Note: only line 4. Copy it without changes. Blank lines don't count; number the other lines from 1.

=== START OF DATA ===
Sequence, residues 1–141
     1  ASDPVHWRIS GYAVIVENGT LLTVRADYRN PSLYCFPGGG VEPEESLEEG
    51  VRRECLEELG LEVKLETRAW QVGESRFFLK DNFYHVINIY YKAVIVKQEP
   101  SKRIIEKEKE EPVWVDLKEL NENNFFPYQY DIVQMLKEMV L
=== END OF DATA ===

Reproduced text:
   101  SKRIIEKEKE EPVWVDLKEL NENNFFPYQY DIVQMLKEMV L